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At about 1:40 a.m. on March 24, 2018, defendants Michael Sinquell-Gainey and David Vaz were in a vehicle that pulled into a gas station in Newport, Vermont. The officers parked nearby were having a conversation, noticing that defendants pulled into the gas station through an exit-only access. He watched defendants drive past a set of gas pumps, circle around, and return to park next to the first set of pumps. Officer LeClair testified that he could not recall how long defendants’ vehicle remained at the gas pumps, or whether defendants actually pumped gas. When defendants left the gas station a few moments later, Officer LeClair followed. Defendants came to an intersection controlled by a flashing yellow light for traffic approaching from their direction. The operator activated the left turn signal shortly before reaching the intersection, but then “stopped for quite some time,” even though no stop was required. The vehicle made a few more turns onto the interstate, "swinging wide" and crossing the centerline, at which time Officer LeClair stopped defendants under suspicion of reckless driving. After obtaining a search warrant, officers found heroin and fentanyl in the engine compartment. The State appealed a trial court order granting defendants’ motion to suppress evidence obtained by law enforcement after that automobile stop. The State argued the officer had reasonable suspicion to stop defendants because he observed a traffic violation and because the totality of the circumstances supported reasonable suspicion of impaired driving. After review, the Vermont Supreme Court agreed that the stop was justified based on reasonable suspicion of impairment. The Supreme Court therefore reversed and remanded. View "Vermont v. Sinquell-Gainey & Vaz" on Justia Law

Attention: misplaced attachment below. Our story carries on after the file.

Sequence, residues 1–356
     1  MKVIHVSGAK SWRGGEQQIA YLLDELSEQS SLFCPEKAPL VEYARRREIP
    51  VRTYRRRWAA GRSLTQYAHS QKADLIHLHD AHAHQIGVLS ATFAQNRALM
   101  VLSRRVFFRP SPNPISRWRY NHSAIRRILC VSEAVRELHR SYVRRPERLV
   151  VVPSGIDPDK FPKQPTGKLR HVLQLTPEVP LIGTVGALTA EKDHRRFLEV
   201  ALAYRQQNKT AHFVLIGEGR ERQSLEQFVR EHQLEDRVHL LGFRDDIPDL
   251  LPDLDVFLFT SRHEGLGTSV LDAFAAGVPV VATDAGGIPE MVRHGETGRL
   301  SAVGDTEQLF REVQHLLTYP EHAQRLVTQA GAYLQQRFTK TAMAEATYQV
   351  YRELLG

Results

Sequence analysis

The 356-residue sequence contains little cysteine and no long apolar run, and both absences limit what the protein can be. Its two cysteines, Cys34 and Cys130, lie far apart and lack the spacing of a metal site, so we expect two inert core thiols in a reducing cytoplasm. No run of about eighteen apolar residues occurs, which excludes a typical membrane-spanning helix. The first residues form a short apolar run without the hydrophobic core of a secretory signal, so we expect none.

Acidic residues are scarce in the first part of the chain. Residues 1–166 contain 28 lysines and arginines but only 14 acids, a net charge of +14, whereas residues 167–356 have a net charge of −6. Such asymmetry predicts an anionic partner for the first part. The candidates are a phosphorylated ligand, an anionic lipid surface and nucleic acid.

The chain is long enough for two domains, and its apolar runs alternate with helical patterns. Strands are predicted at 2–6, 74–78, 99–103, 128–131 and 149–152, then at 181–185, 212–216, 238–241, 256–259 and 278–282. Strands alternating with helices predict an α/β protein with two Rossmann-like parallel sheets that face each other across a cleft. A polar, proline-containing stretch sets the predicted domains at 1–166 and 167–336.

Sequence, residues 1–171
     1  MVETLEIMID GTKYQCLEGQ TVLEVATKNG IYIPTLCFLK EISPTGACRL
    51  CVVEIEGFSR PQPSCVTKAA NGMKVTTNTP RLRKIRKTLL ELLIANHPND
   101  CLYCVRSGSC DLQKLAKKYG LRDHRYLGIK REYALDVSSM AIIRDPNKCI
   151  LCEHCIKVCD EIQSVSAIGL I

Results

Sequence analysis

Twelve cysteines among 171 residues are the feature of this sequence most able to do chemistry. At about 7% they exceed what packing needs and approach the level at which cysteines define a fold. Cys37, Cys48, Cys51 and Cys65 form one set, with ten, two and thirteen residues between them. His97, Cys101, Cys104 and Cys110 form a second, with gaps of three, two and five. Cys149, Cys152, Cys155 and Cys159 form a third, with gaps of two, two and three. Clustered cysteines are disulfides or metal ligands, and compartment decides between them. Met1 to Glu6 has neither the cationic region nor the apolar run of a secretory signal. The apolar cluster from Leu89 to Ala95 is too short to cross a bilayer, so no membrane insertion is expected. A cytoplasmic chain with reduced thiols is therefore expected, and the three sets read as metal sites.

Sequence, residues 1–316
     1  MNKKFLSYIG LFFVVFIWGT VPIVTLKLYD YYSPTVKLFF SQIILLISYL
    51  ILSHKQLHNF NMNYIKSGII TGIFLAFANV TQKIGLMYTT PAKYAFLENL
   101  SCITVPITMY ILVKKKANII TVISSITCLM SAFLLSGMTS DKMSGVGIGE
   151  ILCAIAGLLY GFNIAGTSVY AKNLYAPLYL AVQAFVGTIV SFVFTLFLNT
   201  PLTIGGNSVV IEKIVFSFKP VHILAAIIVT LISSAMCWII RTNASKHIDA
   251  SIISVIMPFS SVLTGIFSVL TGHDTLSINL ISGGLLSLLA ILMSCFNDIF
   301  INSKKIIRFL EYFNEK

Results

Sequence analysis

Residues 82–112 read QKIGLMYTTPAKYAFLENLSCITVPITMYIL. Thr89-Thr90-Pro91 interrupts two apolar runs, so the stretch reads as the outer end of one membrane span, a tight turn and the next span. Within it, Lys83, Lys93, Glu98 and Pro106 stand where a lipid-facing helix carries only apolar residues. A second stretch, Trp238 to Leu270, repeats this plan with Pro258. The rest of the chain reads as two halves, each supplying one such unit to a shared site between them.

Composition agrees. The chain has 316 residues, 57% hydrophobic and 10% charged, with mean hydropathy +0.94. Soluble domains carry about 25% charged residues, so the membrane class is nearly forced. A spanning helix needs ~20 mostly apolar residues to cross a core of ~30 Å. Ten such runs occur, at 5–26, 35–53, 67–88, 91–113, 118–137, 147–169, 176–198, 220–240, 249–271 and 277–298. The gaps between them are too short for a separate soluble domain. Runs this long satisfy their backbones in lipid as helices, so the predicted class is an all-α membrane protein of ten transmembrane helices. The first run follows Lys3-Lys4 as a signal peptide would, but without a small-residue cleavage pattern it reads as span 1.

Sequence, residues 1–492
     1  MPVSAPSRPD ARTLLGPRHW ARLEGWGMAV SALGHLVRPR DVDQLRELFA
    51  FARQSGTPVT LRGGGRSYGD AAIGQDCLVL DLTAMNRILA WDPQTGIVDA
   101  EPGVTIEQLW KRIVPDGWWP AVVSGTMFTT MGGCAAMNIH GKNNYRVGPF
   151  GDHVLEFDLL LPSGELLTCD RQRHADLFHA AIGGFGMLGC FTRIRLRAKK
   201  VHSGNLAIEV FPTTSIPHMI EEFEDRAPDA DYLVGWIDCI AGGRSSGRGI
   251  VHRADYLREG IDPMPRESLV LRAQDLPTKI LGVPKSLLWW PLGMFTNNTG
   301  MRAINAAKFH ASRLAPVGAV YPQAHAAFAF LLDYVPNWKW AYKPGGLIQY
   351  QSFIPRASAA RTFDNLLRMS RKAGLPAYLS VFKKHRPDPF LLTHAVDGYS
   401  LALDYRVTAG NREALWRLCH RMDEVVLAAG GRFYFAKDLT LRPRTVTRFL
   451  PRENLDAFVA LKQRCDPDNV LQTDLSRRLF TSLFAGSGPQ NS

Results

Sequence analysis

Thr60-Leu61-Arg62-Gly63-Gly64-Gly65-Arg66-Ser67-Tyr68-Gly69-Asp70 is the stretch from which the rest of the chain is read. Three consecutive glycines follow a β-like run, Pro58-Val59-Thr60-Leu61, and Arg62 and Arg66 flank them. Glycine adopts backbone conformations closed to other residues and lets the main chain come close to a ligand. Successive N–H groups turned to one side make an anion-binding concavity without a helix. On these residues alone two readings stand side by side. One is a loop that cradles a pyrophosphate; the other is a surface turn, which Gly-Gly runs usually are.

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Employee Christie Mitchell appealed a summary judgment order in favor of NBT Bank, N.A. regarding its policy of deducting her overtime compensation from her commissions so that she was never paid more than gross commissions regardless of how many hours she worked in a week. She contended the federal Fair Labor Standards Act (FLSA) required the bank to pay her entire gross commissions plus overtime wages. Because the FLSA contained no such requirement, the Vermont Supreme Court affirmed. View "Mitchell v. NBT Bank, N.A." on Justia Law